Shawn Wilson
With a vision of creating a diverse and inclusive environment at CMU, and with support from people who share our view both on and off campus, we’ve accomplished a number of goals. These accomplishments belong to all of us at CMU. But while they provide the fuels for our vigor, our accomplishments do not mean that our job is done. In our journey to create the environment we envision, the involvement of every member of the university and the Mount Pleasant community continues to be extremely crucial.

The major achievements of the Office of Institutional Diversity are listed below. Please click on each achievement for more detail.
Significant progress was made toward implementing the Intergroup Dialogue Program and the Recognition of Cultural Competency. With the support of the Provost Office, the supplemental instruction program was also expanded to support more courses and serve more students.

i.Intergroup Dialogue Program (IDG):
1.Syllabi: With assistance from Dr. Klymyshyn, Dr. Shelly Hinck (CDA) took the lead on developing syllabi for the three courses that comprise IDG-COM 255, COM 555A and COM 555B. The syllabi were modeled on the courses offered at the University of Michigan, but modified to reflect CMU's academic culture. The courses are being offered as special topics courses prior to finalizing the master syllabi and submitting them for curricular approval.
2.Facilitators: COM 555A, the facilitators training course, was offered in spring 2010. Though Dr. Hinck was the instructor of record, Dr. Klymyshyn co‐facilitated the course. Next fall, 6 of the 9 students will be facilitating dialogue groups in COM 255, the undergraduate course, while also participating in the practicum course for facilitators COM 555B.

3. Assessment: Assessment is being conducted using both quantitative and qualitative methods. An online survey that will be used as a pre‐ and post‐test in COM 255 is being finalized; it was piloted using a volunteer group of undergraduates and students enrolled in COM 555A. Two focus group sessions were also conducted with the students in COM 555A at the beginning and end of the semester. The results will be analyzed this summer.
4. Advisory group: IGD Faculty Advisory Committee consisting of faculty in CHSBS, CFFA and CEHS met once each semester to discuss course syllabi and other curricular matters. A list of members is in the Multicultural Education Center annual report.
5. Recruitment: Recruitment of students for Fall 2010 is being done through faculty, academic advisors and student groups.

ii.Recognition of Cultural Competency:
1.Capstone: The capstone course was offered as a special topics course (LAR 397) to two students with the MEC director as the instructor of record. Only one student completed all of the requirements for the program and the capstone course; she now has the notation on her transcript.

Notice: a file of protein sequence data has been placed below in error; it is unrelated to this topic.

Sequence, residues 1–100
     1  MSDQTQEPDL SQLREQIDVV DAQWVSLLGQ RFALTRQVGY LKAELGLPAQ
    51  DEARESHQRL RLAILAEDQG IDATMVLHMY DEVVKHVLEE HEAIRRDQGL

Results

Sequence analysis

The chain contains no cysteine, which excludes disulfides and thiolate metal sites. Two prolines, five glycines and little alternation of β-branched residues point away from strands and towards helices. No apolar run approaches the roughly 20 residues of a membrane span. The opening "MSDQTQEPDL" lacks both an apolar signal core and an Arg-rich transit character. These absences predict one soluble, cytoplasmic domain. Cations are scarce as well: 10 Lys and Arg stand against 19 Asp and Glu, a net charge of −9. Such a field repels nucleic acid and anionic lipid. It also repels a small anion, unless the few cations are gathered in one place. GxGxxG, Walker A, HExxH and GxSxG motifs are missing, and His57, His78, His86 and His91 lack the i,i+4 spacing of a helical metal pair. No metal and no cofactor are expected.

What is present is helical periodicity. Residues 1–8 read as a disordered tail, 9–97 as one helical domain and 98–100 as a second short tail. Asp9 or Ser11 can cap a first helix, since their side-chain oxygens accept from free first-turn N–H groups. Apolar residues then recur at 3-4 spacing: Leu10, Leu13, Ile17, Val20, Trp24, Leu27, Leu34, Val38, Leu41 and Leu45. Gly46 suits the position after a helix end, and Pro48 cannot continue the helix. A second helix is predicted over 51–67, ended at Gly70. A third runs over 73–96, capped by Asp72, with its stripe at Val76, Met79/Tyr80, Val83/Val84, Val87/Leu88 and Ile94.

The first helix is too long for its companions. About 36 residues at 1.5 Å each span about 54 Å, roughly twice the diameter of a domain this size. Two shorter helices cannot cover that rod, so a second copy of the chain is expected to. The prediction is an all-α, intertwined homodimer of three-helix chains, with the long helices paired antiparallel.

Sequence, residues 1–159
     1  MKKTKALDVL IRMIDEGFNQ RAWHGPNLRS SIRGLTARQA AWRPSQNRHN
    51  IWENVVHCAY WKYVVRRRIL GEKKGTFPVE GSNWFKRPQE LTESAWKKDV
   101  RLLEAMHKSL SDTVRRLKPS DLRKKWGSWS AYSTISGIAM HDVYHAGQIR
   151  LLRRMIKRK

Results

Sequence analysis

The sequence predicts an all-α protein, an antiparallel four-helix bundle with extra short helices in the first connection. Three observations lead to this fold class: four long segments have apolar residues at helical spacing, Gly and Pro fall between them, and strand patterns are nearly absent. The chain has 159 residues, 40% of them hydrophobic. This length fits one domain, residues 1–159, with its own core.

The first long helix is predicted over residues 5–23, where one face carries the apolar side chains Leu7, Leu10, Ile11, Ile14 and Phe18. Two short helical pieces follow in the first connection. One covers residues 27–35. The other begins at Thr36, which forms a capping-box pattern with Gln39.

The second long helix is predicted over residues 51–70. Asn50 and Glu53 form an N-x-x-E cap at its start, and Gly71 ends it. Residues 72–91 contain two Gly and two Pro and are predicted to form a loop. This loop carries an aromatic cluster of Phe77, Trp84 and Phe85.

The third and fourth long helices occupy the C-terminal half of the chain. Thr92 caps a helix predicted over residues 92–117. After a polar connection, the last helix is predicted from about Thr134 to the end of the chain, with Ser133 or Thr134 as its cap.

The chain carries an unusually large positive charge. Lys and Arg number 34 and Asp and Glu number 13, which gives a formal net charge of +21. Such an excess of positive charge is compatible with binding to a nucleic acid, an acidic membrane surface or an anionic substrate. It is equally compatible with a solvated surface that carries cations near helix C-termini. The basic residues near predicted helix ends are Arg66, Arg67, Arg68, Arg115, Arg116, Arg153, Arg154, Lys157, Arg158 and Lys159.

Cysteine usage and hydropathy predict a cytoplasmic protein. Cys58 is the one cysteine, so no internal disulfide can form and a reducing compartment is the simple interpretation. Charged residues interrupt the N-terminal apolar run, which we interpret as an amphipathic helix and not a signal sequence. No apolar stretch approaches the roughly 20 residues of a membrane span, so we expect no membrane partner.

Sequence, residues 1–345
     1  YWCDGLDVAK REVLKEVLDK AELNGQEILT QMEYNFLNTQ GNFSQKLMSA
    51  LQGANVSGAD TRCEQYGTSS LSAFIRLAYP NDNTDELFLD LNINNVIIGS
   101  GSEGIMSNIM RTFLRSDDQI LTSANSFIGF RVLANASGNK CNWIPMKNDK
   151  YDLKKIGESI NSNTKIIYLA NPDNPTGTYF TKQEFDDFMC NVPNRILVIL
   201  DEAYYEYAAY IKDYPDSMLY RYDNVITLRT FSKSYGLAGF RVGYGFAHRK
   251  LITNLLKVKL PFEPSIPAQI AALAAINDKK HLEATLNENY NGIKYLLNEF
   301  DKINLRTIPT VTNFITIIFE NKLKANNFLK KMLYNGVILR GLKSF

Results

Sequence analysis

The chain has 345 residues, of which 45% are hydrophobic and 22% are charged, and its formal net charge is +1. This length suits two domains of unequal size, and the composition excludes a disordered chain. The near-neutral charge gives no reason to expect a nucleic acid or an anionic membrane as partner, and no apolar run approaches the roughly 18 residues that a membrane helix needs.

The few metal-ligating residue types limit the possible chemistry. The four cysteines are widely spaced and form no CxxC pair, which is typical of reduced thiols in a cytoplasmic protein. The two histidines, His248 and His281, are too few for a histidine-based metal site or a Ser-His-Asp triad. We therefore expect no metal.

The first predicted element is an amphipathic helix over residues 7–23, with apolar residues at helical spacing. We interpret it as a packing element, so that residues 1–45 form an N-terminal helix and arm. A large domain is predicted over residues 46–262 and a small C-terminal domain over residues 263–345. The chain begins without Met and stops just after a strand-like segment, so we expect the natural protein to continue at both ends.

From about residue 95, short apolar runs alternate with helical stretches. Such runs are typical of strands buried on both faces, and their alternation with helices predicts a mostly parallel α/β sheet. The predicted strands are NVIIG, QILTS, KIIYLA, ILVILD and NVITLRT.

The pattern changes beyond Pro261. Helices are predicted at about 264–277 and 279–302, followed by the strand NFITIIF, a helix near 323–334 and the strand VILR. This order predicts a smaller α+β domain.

2.Assessment: The assessment plan was completed with the assistance of MDEC members and approved by the Assessment Council. The next step is to develop the master syllabus for the capstone course and refine the number and type of courses that are acceptable for the recognition.
iii.Supplemental Instruction (SI):
1. Fall 09: Fall 2009 SI employed 16 SI leaders and provided assistance for 14 courses. A total of approximately 855 students* utilized the service, which amounted to 3,661 contact hours for the semester.
2. Spring 10: One‐time funding from the Provost office allowed the program to expand. The increase allowed 35 SI leaders to be employed. Eighteen (18) historically difficult courses were offered. This increase provided SI the ability to broaden student outreach and provided SI assistance to all sections of most SI‐targeted courses.
3. College Participation: The Colleges of Science & Technology and Humanities & Social & Behavioral Sciences were provided the largest increase.
4. Student Participation: Preliminary results indicate that approximately 1300 students* utilized the program in the Spring 2010 semester, which amounted to 5,301 contact hours.
5. Comparison to 08‐09: In comparision to the 2008‐2009 year (1450 participants/6,796 contact hours), there was an increase of 2166 contact hours and 700 additional students who took advantage of SI in 2009‐2010 (2150 participants/8,962 contact hours).
(*) - Number of students reported includes double counting of students because students may be enrolled in more than one SI course section.

Both the Upward Bound and GEAR UP/College Day programs were very productive in improving access and college recuitment of underserved populations.